... Understand, we’ve been driving for over five hours, a destination nowhere in sight, yet we know we’ve got to be fresh, and in the desert, for a full moon and lunar eclipse.
I say, “If we stay on this road, cut right onto I-40 then get off and head south, we’ll be at Joshua Tree National Park. That is supposed to be the best place in California for sky gazing. There’s a town near the park’s entrance called 29 Palms. That’s where we’re going.”
Van Stein shrugs, resigned to the road—certainly a few hours more of it.
From a couple miles away, 29 Palms looks unwelcoming. But once we arrive… it’s even worse.
No charm, no style, just another stretch of urban sprawl with strip malls and fast food shacks.
“Maybe we can find a Travelodge,” says Van Stein.
“Are you nuts? I’m not staying in a Travelodge. In fact, I’m not staying anywhere in this town.”
“But it was your idea!”
“And I admit, I was wrong. I can’t stay anywhere that doesn’t at least have a Starbucks.”
“I bet there’s a Starbucks here.”
“But you just said…”
“Look, if you can find a Starbucks here, I’ll reconsider.”
Not three blocks later, Van Stein points and cackles with delight. “I knew it!”
He zips into their parking lot.
“I’m still not staying here.”
“Desert Hot Springs. It’s only twenty minutes away and it’ll be better for your painting tonight.”
“Because there are no mountains east of this place. In Desert Hot Springs the moon will rise over the mountains.
“I don’t need mountains.”
“Doesn’t matter. I’m still not staying here.”
“Well I need coffee.”
Starbucks obliges and we set off again; I’m behind the wheel, almost five o’clock.
We slip through Morongo Valley, a left into Desert Hot Springs.
No charm, no style, just another stretch of urban sprawl, strip malls and fast food shacks.
“I’m not staying here,” I say.
“But look,” says Van Stein. “A nice hotel.” He points out the Acqua Soleil and Mineral Water Spa.
In truth, it doesn’t look too bad. But it’s in the middle of urban sprawl.
“The only place left is Palm Springs,” says Van Stein. “And I hate Palm Springs.”
“I don’t care for it, either,” I say. “And I was just there a few weeks ago with no desire to return. But it’s all we got left.”
“Lets just drive back to Santa Barbara.”
“Okay, if that’s what you want. But first let's have a beer at Melvyn’s.”
“Old Palm Springs.”
Van Stein navigates us down North Canyon Drive.
On the right I notice a tall structure, maybe six floors, pyramid style, facing east.
It’s a Hyatt, I discern, smack in the middle of everything.
We keep going to West Ramon, cut a right—Melvyn’s.
Compared to when I first visited Melvyn’s only three weeks earlier, the ambience this cocktail hour is as funereal as our mood. We share a Heineken.
|Melvyn's: a previous visit|
“I’ve got it figured. Trust me.”
We’ve been on the road since 8:30 this morning and thus far gotten Pahrumped, Vegased, Bouldered, and 29 Palmed.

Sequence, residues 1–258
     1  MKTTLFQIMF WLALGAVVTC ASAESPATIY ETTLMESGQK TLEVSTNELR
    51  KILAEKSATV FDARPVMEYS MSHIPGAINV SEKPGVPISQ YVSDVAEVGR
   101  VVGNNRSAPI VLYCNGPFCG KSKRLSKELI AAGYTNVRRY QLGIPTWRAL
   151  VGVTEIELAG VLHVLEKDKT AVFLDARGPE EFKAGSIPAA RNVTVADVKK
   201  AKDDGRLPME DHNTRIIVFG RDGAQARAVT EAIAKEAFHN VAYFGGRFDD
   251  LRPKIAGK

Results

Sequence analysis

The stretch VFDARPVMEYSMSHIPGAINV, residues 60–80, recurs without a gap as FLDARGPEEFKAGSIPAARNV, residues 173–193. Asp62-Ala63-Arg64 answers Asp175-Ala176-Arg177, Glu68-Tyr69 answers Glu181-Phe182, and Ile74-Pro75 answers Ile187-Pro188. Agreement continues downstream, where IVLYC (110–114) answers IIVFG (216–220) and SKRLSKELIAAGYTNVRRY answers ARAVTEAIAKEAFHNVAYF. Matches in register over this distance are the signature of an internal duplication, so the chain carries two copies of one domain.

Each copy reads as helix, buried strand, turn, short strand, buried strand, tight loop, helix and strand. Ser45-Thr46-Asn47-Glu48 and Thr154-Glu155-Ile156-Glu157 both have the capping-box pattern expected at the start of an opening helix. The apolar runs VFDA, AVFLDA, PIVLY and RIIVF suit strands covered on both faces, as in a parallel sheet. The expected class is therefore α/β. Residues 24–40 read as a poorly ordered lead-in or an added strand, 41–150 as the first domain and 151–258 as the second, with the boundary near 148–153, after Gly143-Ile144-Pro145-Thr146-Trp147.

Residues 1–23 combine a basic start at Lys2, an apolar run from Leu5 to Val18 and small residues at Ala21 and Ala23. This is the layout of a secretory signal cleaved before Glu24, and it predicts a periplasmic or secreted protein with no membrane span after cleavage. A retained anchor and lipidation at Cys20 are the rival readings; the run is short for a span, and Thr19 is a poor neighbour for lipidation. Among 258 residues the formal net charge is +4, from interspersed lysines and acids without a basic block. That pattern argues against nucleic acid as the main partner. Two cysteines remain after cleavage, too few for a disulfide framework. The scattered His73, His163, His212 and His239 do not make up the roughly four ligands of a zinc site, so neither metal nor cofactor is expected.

All Van Stein wants at this point is to get sprung from Palm Springs, and now he’s supposed to trust me.
Our beer drained, I climb behind the wheel, steer the COW on a back street to the Hyatt I’d noted earlier, zip into its forecourt, saunter into the lobby and right up to reception. “We need two rooms,” I boldly announce, “and one of them’s gotta be on your top floor facing east. Okay?”
She clacks her keyboard. “Yes, I can do that.”
“And I need your super-duper Triple A extra-special price,” I say, in deference to Van Stein’s wallet.
“A hundred seventy-nine dollars,” she says,
“Ya see?” I say to Van Stein, rearing up behind me. “Ya gotta trust Luna, our Goddess.”
We can scarcely believe it. One moment, screwed, Van Stein believing he’ll have to spend hundreds of dollars and still not have a vantage point for painting the full moon getting eclipsed, next moment, a sixth floor view for under two hundred bucks.
It gets better: the junior suites have balconies.
Downstairs, twenty minutes later, Crystal the concierge sends us to 360 North for refreshment: a Hendrick’s martini, BBQ ribs, and tuna tartare in the open air, followed by a stroll to a joint called Cigars & Wine, which is precisely what we want, in that order.
Its proprietor, an Indian from Bombay, allows us to sample several wines until we decide on a hearty pinot noir. That resolved, he recommends a mild smoke from Costa Rica, snips and sizzles, and moments later we are lounging on the front patio, watching the moon commence its rise amid a swirl of gaiety this lovely cool desert evening.
“Could you have imagined this day would end up so well?” I ask.
“I thought you were blowing smoke," says Van Stein. "And now you really are.”
A few of the natives join us in conversation and I am giddy with nicotine and alcohol as the full moon continues its rise.
At half-ten, the first flicker of an eclipse shadows the moon’s edge. That’s our cue to scramble back to the Hyatt so Van Stein can paint from a perch on his balcony.
By midnight, the moon is almost completely shadowed into a shade of blood orange.
Across the street, a bar pulsates with raw energy and loud music. No matter to me.
I don’t even bother closing the sliding doors but quickly fall deeply asleep despite the heaving sound waves, and remain comatose until what feels like a split second later but is actually six hours, the moment a hot fiery sun breaks from behind distant mountains.
I shower, dress, text Van Stein I’m on my way to Starbucks, and when the elevator opens to the lobby, he’s standing there like a magician, smiling and satiated by his oil paint addiction.
My first novel about a road trip has been acquired by Skyhorse Publishing in New York City.
It will be published in Fall 2016.